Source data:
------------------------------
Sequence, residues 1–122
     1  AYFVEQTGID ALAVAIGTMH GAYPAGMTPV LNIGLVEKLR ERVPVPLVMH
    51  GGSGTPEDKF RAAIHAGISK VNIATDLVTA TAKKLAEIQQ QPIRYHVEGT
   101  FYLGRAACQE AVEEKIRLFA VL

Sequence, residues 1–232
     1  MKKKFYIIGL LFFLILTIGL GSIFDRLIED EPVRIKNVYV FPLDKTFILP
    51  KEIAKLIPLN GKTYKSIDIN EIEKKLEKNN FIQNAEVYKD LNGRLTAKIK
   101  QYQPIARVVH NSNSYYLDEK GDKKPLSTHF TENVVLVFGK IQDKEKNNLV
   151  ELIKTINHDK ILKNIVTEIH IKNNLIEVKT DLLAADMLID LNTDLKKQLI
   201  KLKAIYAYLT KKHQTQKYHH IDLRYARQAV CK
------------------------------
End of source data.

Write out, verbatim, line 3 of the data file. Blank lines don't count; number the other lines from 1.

    51  GGSGTPEDKF RAAIHAGISK VNIATDLVTA TAKKLAEIQQ QPIRYHVEGT